Reptile Memoirs by Silje Ulstein

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Reptile Memoirs by Silje Ulstein front cover

Translated by Alison McCullough — With a Burmese python as one of its narrators Reptile Memoirs sets itself apart from your traditional Nordic noir fare, but despite its unconventional approach this debut novel is one of the most riveting and consuming psychological thrillers of 2022 thus far.

It’s 2017 in Kristiansund, Norway. Mariam Lind and her 11-year-old daughter, Iben, are doing some shopping at a local supermarket when they have a disagreement about which magazine Iben wants. Mariam refuses to give in and takes off in a huff, leaving her daughter behind. Furious about the incident and frustrated with her claustrophobic life as a mother and politician’s trophy-wife, she heads for the fjords on a long drive. When she returns home late in the evening, Iben isn’t there…

Detective Roe Olsvik, a police officer close to retirement, is new to the Kristiansund police department. He’s no longer passionate about his work, but is bitter and cynical about life after he lost his daughter more than a decade ago. When Roe is assigned Iben’s case, old feelings are triggered and he takes the investigation more personal than he should. His behaviour and especially his antagonistic interrogation of Mariam raises a red flag with his colleagues, Ronja and Birte. They assume the incident unearthed some unresolved trauma connected to the death of Roe’s daughter. Behind his back, the two women start chasing down leads and interviewing a potential witnesses who saw Iben talking to a man in a car.

Back in 2003, Liv shares a basement flat in Ålesund with Egil and Ingvar. Their life consists mostly of parties, drinking and doing recreational drugs. After watching a nature documentary Liv becomes obsessed with owning a pet Burmese python. Soon, a metre-long Burmese python called Nero is a permanent tenant and Liv develops a worryingly intimate relationship with the reptile. Nero makes Liv feel safe and protected – something she lacked growing up with a mother who disappeared for months on end. Liv’s feelings for the snake are admittedly bizarre, but a troubling relationship with her brother, Patrick, as a child might be to blame for her misplaced infatuation.

Nero becomes a replacement for the love Liv craves, but he also becomes the swallower of her burdens. She identifies with his cold-bloodedness, using people only to get what she needs from them. Liv grows to believe that Nero speaks to her. Initially she is intrigued and flattered by this imaginary secret bond between them, but as the snake grows so does his appetite and Liv can no longer satisfy his demands. As Nero gets bigger, the tension builds. He becomes a physical manifestation of secrets which can no longer be hidden. The result is an always-present, ominous feeling of claustrophobia coiling itself around the reader.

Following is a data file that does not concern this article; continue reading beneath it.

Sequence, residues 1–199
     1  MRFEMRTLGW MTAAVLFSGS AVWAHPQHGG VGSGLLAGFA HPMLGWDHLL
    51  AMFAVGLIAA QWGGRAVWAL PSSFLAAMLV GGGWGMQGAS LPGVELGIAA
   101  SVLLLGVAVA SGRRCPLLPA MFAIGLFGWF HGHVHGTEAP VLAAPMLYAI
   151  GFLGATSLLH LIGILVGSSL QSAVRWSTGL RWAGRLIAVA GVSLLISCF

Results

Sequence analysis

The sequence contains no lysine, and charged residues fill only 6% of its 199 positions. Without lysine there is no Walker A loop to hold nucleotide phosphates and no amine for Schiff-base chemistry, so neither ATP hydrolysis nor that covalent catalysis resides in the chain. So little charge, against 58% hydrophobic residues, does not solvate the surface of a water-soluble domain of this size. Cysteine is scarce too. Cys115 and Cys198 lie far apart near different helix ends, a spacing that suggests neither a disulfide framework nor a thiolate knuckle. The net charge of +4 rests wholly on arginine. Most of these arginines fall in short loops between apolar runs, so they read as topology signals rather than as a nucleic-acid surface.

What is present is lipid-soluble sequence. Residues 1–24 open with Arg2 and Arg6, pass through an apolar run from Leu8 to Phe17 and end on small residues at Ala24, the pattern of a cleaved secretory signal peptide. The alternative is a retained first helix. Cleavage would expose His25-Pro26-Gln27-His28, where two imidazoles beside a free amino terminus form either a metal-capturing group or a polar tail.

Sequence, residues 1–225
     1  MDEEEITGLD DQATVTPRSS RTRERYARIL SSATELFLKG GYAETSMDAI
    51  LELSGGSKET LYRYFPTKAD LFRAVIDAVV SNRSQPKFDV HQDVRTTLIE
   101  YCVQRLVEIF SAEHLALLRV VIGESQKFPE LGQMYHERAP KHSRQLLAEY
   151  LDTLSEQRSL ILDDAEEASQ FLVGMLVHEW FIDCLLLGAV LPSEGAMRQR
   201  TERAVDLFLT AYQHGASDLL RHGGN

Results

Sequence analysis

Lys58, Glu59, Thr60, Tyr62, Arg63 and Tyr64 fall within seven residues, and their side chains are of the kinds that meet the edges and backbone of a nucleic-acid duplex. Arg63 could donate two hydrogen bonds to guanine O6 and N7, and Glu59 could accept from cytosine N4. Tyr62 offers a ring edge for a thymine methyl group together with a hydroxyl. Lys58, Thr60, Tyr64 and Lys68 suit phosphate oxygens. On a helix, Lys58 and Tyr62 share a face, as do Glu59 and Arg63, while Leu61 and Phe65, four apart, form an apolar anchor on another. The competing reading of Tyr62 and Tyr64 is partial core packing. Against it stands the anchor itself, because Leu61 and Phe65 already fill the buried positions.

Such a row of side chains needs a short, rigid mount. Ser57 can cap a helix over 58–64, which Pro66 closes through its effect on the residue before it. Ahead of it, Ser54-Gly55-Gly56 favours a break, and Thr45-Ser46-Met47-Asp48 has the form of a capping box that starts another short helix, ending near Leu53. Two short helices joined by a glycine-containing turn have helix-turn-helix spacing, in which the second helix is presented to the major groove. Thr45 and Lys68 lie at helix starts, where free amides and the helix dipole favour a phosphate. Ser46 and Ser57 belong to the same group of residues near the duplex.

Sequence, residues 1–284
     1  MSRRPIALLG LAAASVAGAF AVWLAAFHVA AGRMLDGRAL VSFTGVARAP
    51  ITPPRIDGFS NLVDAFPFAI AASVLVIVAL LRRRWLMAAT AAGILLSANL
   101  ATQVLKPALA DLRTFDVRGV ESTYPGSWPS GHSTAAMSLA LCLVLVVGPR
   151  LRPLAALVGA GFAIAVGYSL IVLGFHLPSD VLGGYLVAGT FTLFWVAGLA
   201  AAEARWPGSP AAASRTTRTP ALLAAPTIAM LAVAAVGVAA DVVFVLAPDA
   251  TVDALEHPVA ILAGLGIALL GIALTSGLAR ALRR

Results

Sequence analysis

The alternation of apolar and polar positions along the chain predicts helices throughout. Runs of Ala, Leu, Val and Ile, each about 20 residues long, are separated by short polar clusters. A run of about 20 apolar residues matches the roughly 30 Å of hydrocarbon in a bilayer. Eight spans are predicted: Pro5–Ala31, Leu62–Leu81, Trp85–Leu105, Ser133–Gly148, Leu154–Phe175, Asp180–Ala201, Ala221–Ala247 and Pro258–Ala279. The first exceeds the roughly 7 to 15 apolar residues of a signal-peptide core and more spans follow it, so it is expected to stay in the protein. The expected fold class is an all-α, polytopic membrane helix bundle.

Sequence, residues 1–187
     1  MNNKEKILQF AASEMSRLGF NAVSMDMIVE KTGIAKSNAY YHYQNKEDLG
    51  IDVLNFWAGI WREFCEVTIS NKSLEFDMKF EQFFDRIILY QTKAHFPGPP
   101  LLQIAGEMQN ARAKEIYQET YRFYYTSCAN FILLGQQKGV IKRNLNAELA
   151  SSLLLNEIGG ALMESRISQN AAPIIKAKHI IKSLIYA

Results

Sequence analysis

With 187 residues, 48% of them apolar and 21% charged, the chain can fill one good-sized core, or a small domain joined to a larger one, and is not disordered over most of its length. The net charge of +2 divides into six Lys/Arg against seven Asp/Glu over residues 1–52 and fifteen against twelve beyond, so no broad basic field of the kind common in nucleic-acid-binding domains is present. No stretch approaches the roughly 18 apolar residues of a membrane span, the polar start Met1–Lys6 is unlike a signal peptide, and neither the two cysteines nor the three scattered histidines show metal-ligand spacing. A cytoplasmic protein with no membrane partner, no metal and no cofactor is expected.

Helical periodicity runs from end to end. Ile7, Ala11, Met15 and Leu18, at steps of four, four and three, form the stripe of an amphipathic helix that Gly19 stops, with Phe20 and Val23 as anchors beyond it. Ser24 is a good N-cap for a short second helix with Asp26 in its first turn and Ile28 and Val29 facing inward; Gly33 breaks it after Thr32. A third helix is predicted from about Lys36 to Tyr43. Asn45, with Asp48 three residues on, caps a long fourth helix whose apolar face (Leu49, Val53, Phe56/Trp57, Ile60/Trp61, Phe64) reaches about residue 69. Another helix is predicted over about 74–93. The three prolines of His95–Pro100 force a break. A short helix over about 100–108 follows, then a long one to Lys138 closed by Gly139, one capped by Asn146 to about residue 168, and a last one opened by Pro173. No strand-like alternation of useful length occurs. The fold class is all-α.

Juxtaposed with Liv’s infatuation is Nero’s cold narration. He only sees her as ‘the warm woman’, a basic heat source who provides his food. Other than that there’s no bond. At most she’s an experiment, a living thing he observes, commenting on how she doesn’t get along with other humans. It’s also a reminder of our ill-conceived wish to domesticate animals or attribute human characteristics to them when they are in fact only animals out to survive.

These two very different storylines and their characters are destined to intersect as you read Reptile Memoirs and it will take all the grey cells of your primate brain to keep track of the various characters and the dual timelines. If you don’t pay attention you might miss crucial information, but when the pieces eventually fit together the result is a giddy feeling of satisfaction. There’s little predictability here but the way author Silje O Ulstein pulls it all together should be lauded.

All the main characters have experienced something traumatic in their lives. Their attempts to run away from it, shed their skins and start anew haven’t been particularly successful and in the end they can only face up to the past. Reptile Memoirs, like so many other Scandinavian crime novels, deals with family secrets and abuse, but Ulstein puts an unexpected fresh twist on it. It’s shocking, at times gruesome, somewhat surreal, but ultimately it’s one hell of a read.

For another dark read set in Norway, try The Boy in the Headlights by Samuel Bjork. or a novel in Jo Nesbo’s Harry Hole series, where occasionally the story is told from unusual points of view.

Grove UK

CFL Rating: 4 Stars

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